Date of Award

2016

Degree Type

Dissertation

Degree Name

Doctor of Philosophy (PhD)

Graduate Group

Management

First Advisor

Peter Cappelli

Second Advisor

Matthew Bidwell

Abstract

My dissertation focuses on how the market values different attributes of top managers and the role of market intermediaries in shaping firm and individual outcomes. I draw on a unique dataset from an executive search firm, which allows me to track the progress of nearly 1,700 top managers who emerged as candidates for around 400 executive roles spanning multiple industries. In Chapter 2, I explore the mixed signals sent by the frequency of moves between employers and tenure with their current employer at the time a candidate is being considered for a senior management job with a new employer. I argue that while frequently changing employer may decrease a candidate’s attractiveness to potential employers by signaling that the candidate is a serial job hopper, it may also increase attractiveness by signaling the accumulation of a breadth of experience typically valued in top managers. Also, while potential employers may view longer tenure with a current employer as a negative signal regarding a candidate’s level of cultural flexibility and adaptability, it may also provide opportunities for upward mobility with the firm, which is a visible signal of competence. I find empirical support for these relationships. In Chapter 3, I use the topic modeling technique to parse job descriptions to understand how clients’ preferences affect candidate selection and explore gender prejudice. I find evidence that is line with role congruity theory, as firms are more likely to select male candidates when agentic qualities are emphasized. In Chapter 4, I investigate how employee mobility affects the broker (the executive search firm) who has facilitated the process, specifically in its ability to work for the firm that lost its employee to the broker’s client. The effect I find is positive and is stronger for poached firms that are located outside the city where the search firm is located, suggesting that the poaching event may help the search firm increase its saliency towards its potential clients. These studies together provide a better understanding of the executive labor market and the role of market intermediary.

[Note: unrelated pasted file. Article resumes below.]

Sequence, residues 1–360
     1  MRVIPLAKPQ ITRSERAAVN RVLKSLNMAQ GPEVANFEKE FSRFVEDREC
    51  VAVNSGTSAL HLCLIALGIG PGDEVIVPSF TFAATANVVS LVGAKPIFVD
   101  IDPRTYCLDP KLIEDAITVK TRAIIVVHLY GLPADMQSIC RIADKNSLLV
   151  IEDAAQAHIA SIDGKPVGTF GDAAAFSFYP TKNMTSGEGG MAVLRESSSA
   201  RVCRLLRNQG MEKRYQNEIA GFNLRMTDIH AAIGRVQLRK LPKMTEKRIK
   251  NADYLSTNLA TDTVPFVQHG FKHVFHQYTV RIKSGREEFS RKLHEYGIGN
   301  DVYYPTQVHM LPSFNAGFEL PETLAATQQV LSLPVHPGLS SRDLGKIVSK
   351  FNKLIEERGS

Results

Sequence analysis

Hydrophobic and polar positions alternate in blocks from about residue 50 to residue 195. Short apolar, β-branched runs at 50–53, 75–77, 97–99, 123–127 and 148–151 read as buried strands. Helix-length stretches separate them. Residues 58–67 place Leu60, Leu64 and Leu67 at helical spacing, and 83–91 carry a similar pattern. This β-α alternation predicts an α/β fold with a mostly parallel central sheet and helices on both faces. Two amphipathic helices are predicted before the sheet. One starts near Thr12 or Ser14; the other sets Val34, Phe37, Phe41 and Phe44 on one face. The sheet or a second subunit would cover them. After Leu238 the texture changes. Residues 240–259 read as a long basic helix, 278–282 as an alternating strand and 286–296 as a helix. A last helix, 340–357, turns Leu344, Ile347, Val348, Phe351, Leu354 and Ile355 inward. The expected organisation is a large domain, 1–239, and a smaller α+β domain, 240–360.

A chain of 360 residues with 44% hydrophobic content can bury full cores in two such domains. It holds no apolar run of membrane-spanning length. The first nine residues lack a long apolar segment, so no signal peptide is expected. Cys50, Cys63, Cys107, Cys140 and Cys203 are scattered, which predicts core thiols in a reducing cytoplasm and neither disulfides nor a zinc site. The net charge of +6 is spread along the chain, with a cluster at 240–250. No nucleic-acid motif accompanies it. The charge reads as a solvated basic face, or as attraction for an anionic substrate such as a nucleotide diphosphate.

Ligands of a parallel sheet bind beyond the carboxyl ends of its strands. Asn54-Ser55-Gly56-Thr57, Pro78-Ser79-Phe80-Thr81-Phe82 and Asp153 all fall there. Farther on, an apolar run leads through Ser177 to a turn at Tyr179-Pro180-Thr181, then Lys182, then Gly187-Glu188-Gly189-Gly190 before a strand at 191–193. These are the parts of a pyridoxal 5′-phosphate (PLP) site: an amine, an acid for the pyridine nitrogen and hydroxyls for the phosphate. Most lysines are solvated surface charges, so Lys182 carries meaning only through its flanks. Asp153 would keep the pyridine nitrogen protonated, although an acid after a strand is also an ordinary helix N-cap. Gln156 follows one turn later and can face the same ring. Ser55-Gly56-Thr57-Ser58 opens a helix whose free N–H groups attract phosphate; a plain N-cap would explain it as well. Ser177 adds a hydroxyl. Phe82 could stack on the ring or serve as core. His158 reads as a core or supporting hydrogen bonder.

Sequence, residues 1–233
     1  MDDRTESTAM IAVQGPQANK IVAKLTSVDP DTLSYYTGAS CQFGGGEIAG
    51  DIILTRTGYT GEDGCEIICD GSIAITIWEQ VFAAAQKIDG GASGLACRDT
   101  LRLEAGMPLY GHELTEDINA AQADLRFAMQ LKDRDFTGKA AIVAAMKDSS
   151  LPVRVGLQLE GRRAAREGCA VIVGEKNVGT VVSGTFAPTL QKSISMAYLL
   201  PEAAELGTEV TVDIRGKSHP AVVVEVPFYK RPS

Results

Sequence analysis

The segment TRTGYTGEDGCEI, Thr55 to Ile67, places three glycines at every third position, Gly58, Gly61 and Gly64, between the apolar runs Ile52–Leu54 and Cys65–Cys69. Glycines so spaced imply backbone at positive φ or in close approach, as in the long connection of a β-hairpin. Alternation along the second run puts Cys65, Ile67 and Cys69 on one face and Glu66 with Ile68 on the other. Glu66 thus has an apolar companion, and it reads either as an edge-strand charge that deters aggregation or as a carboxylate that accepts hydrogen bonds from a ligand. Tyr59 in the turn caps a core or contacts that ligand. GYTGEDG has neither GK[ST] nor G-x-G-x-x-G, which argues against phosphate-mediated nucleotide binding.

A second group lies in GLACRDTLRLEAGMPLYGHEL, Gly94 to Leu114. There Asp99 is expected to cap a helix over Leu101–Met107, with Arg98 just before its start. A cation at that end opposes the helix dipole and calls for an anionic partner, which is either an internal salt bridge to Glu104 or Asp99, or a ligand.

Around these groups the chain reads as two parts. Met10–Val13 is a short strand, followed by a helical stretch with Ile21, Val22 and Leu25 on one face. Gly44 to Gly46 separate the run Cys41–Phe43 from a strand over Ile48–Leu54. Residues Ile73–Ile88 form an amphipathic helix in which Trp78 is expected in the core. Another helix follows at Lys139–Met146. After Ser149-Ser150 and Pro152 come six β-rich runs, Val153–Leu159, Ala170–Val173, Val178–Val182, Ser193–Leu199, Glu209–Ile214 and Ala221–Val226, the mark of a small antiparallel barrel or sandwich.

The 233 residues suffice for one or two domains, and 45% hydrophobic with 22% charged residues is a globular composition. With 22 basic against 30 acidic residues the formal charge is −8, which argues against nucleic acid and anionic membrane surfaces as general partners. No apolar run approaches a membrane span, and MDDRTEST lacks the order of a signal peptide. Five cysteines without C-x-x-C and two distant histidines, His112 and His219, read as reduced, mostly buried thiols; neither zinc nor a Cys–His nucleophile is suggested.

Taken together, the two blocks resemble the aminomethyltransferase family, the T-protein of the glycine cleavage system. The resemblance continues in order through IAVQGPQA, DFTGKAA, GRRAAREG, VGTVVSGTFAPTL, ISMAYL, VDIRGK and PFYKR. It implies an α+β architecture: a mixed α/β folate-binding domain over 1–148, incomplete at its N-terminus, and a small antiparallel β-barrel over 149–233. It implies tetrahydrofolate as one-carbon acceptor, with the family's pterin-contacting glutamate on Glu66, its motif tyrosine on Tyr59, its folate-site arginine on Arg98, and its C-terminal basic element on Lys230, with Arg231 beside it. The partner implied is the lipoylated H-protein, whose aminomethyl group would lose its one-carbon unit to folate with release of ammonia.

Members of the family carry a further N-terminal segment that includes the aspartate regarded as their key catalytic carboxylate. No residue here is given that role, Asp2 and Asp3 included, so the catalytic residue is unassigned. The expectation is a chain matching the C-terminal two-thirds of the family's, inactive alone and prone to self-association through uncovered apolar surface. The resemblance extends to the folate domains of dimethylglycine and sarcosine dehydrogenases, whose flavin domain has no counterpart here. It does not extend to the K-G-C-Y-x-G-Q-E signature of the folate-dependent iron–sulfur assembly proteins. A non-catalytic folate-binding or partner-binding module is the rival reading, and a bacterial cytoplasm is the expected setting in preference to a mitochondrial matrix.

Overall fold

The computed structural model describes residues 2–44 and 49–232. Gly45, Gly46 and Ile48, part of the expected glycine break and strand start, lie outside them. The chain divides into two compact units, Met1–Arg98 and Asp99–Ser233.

Available for download on Monday, April 22, 2019

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